How simple is it to convey messages about hate, racism, proving oneself, and success? The answer here: is not simple at all, unless you’re a genius. Kanye West conveyed these messages, broke social barriers, and created a memorable beat all in one song. “Gorgeous” from My Beautiful Dark Twisted Fantasy is one of Kanye’s greatest songs to date.
At first, I wasn’t a huge fan of “Gorgeous” due to the distortion effect added onto Kanye West’s voice, however, after focusing on the lyrics, sample, and chorus I have come to appreciate this song as my third favorite Kanye West song of all time. The distortion effect gives a special layer of emotion to Kanye’s voice as it matches the sample from Enoch Lights and the Glittering Guitars song “You Showed Me” which samples the Turtles song of the same name. With the guitar sample and effect in full, Kanye is able to dig deep into this song, especially when he recruits Kid Cudi for the venomous chorus. Kanye starts his verse by highlighting the racial injustice and blatant discriminative actions that plague the country. Kanye understands these problems but he takes it upon himself to warn others of the corrupt system and how they’re all a part of it whether they want to or not.
In this section, Kanye points out the necessity of hip-hop for teens as they need role models to follow similar to a religious practice. Kanye West has often proclaimed himself to be a god throughout his career and this verse seemingly shows that he wouldn’t mind leading the new generation as their God, going so far as to compare himself to civil rights leader Malcolm X when he says “Malcolm West had the whole nation standing at attention.” However, Kanye goes on to claim that being a role model isn’t the full extent of his goals and that he wants to be the greatest rapper that there can be. Kanye will stop at nothing to be the best but there are always going to be forces against him every step of the way.
In his final verse of the song, Kanye decides to talk about how he is determined to be the successive icon that he truly wants to become even if it has its problems. He even shows this by stating how his problems won’t leave him, referencing a Beatles track in the line “I was looking at my resume feeling real fresh today, they rewrite history, I don’t believe in yesterday.” This is Kanye stating how no matter how far he comes, history can be rewritten and it can all be taken away from him. He continues this sentiment with the now iconic line “What’s a black Beatle anyway, a fucking roach? I guess that’s why they got me sitting in fucking Coach.” This is Kanye continuing his Beatle reference from the previous line, and showing how even as a musician who’s accomplished as many musical feats as the Beatles, he will never be shown the same amount of respect, and that’s why he’s seated in Coach, behind First-Class. Kanye knows he’s back on the rise at this time in 2010 and doesn’t plan on stopping soon. Kanye seeks a lot in “Gorgeous” and whether it’s fame, success, or worship he is always set on achieving his goals. Kanye ends this verse by reaffirming his tenacity of becoming the best rapper in the world.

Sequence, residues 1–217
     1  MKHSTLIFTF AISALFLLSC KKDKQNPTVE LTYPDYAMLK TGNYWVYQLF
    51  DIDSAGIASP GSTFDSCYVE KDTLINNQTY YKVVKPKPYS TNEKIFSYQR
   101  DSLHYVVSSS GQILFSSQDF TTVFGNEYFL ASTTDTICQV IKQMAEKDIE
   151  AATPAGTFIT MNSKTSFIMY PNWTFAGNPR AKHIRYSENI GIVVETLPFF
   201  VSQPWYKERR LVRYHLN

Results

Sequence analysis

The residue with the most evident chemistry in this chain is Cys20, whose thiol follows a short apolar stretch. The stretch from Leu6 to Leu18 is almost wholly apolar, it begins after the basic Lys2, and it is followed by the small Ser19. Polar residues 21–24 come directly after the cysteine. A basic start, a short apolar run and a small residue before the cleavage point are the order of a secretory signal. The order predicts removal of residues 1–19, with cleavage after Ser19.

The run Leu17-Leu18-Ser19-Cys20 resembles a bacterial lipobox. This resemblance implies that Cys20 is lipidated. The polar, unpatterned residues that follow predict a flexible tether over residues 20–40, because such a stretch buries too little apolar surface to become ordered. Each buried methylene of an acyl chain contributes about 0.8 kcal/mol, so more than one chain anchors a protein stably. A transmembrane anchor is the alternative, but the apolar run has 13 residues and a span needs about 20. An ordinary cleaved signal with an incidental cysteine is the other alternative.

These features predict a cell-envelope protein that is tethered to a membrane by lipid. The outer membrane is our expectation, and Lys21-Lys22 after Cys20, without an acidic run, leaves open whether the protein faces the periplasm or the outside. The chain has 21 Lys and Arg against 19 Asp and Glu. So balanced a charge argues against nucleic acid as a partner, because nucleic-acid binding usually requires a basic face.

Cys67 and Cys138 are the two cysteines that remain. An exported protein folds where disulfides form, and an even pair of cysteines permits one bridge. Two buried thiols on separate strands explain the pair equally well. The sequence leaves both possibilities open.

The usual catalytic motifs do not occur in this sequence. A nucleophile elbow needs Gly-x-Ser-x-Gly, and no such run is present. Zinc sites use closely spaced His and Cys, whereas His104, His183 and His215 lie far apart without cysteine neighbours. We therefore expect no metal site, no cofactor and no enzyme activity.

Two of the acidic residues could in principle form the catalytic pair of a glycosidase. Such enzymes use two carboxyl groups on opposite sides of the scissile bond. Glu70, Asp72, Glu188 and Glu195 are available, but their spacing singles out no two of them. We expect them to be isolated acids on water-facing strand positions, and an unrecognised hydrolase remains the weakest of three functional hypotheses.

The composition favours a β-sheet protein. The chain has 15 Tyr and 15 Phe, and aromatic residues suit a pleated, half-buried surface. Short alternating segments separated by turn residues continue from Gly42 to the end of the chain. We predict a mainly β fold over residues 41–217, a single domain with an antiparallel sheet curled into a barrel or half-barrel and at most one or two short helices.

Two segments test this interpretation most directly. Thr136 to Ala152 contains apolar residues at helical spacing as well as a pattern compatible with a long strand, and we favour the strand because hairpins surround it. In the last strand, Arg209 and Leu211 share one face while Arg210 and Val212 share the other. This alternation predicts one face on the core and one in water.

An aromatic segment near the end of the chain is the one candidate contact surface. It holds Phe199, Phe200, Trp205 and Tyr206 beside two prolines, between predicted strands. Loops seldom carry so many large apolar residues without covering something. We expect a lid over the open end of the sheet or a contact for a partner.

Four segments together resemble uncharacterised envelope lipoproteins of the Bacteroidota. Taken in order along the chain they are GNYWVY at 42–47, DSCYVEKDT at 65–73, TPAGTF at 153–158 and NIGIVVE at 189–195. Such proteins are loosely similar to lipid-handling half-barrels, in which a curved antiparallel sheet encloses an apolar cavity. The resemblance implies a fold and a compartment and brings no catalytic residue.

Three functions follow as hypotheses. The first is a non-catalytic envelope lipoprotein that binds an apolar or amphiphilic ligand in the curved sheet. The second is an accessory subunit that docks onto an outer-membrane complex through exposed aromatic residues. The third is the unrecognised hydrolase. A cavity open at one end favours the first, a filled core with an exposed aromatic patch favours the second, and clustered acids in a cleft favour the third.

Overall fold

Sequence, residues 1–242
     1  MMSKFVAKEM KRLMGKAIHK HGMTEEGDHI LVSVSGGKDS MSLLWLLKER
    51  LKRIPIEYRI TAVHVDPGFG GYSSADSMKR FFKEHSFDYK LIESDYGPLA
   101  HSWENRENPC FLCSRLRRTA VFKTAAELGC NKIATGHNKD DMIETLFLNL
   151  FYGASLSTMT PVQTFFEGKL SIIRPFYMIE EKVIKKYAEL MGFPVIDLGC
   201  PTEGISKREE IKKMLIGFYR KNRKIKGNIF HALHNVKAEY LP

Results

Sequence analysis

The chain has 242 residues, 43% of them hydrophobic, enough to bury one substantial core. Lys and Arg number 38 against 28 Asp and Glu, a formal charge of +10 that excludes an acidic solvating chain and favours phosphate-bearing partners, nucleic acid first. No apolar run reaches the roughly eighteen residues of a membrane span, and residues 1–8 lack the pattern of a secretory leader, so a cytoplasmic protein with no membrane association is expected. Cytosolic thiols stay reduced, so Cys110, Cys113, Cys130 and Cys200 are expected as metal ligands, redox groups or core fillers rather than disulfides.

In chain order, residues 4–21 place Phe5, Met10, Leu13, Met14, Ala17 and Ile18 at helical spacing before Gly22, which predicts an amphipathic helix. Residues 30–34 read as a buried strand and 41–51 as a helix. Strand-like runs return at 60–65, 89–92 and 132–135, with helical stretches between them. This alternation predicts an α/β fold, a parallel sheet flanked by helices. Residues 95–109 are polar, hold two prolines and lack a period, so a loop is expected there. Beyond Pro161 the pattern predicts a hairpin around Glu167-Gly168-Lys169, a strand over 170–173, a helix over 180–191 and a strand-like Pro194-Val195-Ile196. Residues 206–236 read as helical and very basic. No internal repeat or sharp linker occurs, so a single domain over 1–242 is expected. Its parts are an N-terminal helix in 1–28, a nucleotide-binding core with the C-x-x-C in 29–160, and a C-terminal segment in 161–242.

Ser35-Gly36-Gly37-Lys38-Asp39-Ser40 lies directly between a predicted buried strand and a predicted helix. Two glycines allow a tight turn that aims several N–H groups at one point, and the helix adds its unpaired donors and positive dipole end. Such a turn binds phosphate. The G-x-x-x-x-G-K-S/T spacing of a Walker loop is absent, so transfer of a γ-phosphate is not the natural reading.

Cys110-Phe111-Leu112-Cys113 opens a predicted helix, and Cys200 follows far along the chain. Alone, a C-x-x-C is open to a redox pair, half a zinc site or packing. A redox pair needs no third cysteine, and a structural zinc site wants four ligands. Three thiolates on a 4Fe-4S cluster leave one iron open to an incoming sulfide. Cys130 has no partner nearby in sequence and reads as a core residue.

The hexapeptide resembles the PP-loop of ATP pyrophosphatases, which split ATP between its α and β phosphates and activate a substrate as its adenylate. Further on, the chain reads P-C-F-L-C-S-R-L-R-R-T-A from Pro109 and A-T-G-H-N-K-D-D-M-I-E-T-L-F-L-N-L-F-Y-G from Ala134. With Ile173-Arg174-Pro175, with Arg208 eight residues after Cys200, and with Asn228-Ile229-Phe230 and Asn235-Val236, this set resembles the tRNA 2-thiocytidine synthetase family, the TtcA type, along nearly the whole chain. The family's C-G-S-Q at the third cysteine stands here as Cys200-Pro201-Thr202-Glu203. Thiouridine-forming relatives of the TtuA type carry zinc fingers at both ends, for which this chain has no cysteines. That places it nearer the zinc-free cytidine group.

The last verse in Gorgeous is a guest verse from legendary Staten Island rapper Raekwon. At face value, one might mistake Raekwon’s appearance on this politically charged track to be redundant to the themes in the first three verses, but as a whole, it actually adds value to and perspective to verse three, as well to the themes of the album as a whole. Kanye spends his time on Gorgeous addressing America’s twisted views on African Americans and how it’s affected him personally. Raekwon uses his verse to paint a different picture, a black man who has risen above the racial injustice and become an icon himself. Raekwon starts off with “I done copped Timbs, lived in lenses, kid, Armani suits, fresh fruits Bally boots and Benzes.” Right away we can tell that Raekwon is somebody who’s successful. He lives a life of designer clothing and luxury cars, he also references his time in the spotlight, being followed by paparazzi and the media with the “lived in lenses” line. He would then go on to rap about Louis bags, and red Jaguars, to truly show the extent to which he has succeeded in his life. The tone of this guest feature changes and circles back to the themes addressed before when Raekwon calls back to his own time at the bottom of the pyramid with the line “Throwing dice for decimals the older head, bolder head, would train a soldier head, make sure he in the right field, not a soldier dead.” grimey, right? This is Raekwon making callbacks to where he would shoot dice for small amounts of money, and how the elders in his neighborhood would “train” the youth to know the ins and outs of the streets because a mistake could get them killed. Raekwon closes out his feature with this: “Keep grinding, keep shining, to every young man, this is a plan, learn from others like your brothers, Rae and Kanye.” This is a beautiful message to send the listener off with, a message from two prolific cultural leaders that if they keep at their passions, they will rise above the injustice in America and be okay.
Kanye West attacks the idea of racism, racial profiling, and racial inequality while bringing in his own experiences into the light. With Kid Cudi giving a ghostly chorus about being afraid to lose and a feature from Raekwon, Kanye West once again brought a wonderful trio together for this masterpiece. The song itself is a great piece of social commentary and gives those who don’t have a voice a way to be heard. While Kanye West isn’t a Dr. Martin Luther King Jr. or a Malcolm X, he still knows where the problems are and isn’t afraid to point them out to the world on “Gorgeous”.